Care Homes

Finding a good care home

Elsie Baron, 82, from Romsey, Hampshire was the person in her family to decide that a nursing home was the best way forward for both her and her family.

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Finding a good care home
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Elsie Baron, 82, from Romsey, Hampshire was the person in her family to decide that a nursing home was the best way forward for both her and her family.

She lived with her daughter-in-law, Olivia, in a ‘granny annexe’ attached to her house in the country but realised that she was becoming a burden.

One of her best friends had recently moved to a nursing home in the north of England and seemed very happy, so she thought it might be a good option.

Elsie had this to say:

“I realised I was becoming a burden on everybody and, though my daughter-in-law said nothing, I knew things just weren’t right. I couldn’t do my own shopping, cooking or cleaning anymore and my eyesight was becoming weak. It was apparent things weren’t going to get better, so while I still ‘had my marbles’ I thought it best if we look for a care home.

“Olivia said nothing, bless her, but I could see the relief in her eyes that I had made the decision before she had to say something.”

Olivia told Health Times:

“I was really surprised when ‘Mum’ mentioned it, but I was really relieved to be honest, so I started searching for a care home local to us so that we could visit as often as possible.

“The best way to find somewhere is to ask family and friends for recommendations. I’m a teacher at a local school, so I was fortunate to have a lot of contacts.

“In the end, we had a shortlist of four care homes, so me and Mum arranged a day out to visit them all. We thought we’d make a day of it, so I arranged two visits in the morning, then lunch at her favourite pub followed by two more visits in the afternoon.

“To be honest, we were both shocked at how pleasant they all were – far better than we had expected.

“There was little to choose between them in terms of quality, though one of them clearly had guests who were suffering from the advanced stages of dementia and Mum wasn’t too keen on that, I assure you!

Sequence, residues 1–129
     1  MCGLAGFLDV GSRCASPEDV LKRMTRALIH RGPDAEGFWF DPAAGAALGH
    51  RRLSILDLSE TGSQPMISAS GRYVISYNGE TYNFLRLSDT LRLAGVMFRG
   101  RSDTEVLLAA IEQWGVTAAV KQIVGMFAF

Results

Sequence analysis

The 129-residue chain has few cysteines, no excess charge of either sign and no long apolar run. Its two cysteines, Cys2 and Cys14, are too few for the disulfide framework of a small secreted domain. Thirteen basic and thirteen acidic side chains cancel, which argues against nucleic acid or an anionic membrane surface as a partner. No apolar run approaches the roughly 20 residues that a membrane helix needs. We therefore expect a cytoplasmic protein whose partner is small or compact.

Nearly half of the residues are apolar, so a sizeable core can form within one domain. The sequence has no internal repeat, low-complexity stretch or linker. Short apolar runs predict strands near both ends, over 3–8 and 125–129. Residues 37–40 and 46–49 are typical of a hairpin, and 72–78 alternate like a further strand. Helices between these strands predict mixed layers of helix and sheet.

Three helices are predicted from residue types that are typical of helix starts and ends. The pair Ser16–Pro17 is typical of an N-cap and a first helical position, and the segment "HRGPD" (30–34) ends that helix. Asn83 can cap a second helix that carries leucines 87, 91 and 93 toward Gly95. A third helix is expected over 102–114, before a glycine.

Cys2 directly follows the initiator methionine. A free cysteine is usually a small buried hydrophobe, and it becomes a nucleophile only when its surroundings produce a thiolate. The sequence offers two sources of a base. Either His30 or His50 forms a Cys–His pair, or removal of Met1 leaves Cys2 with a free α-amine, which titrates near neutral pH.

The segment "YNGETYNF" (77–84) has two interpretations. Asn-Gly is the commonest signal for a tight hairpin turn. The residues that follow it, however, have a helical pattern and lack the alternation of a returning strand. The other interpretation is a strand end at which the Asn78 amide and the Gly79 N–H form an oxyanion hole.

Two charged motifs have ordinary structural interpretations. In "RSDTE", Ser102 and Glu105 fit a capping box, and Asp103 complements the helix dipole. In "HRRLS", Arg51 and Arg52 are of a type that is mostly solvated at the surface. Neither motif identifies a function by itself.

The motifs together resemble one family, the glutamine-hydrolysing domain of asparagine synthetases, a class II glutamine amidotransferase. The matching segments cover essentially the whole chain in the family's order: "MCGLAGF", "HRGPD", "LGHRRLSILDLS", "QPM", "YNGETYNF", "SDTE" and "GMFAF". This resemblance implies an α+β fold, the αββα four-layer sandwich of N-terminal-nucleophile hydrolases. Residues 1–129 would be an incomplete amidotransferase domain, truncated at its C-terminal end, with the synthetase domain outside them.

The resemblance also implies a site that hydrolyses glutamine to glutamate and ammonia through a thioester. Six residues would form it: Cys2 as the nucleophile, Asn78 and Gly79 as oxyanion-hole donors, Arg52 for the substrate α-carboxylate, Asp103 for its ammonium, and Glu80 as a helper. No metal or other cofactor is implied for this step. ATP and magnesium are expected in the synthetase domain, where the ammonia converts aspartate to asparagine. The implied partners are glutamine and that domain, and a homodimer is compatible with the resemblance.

“But in the end, we chose one that was closest to home.

“It had a bright and airy private room with a TV and even Wi-Fi. There was a delightful dayroom so that Mum wouldn’t be shut in alone all day, and there were plenty of activities including day trips and outings.

“Also, a nurse was always on duty 24 hours a day should any problems arise.

“They let us look around, and everything looked clean, tidy and, most importantly, homely. While I was in the office working out a care plan, Mum sat chatting happily with the residents who all said how happy they were with the place.

“For me, the most important thing was that the staff were all so friendly and eager to help and answer any questions we had.

“On top of that, while we were there dinner was being served, and it looked and smelled delicious.

“So, if you have any doubts about sending a relative to care home, I suggest you take a look around for yourself and see what amazing facilities are available."

Jolene Anderson at Lyncroft Care Home in Wisbech, Cambridgeshire, explains: “Choosing the right care home for your loved one can be difficult and challenging, as well as all the emotional issues to deal with, wading through the jargon and understanding new terminology can be frustrating. When searching for a home you’ll come across lots of different types of care homes with different facilities and levels of care. 

“There are two types of care home: Residential homes and Nursing homes. Both provide 24-hour support, however, nursing homes have registered nurses on site 24 hours a day meaning nursing homes are typically utilised by residents that require regular medical attention or experience severe physical disabilities.”

For a list of care homes in your area, visit or visit your GP who will also be pleased to help.

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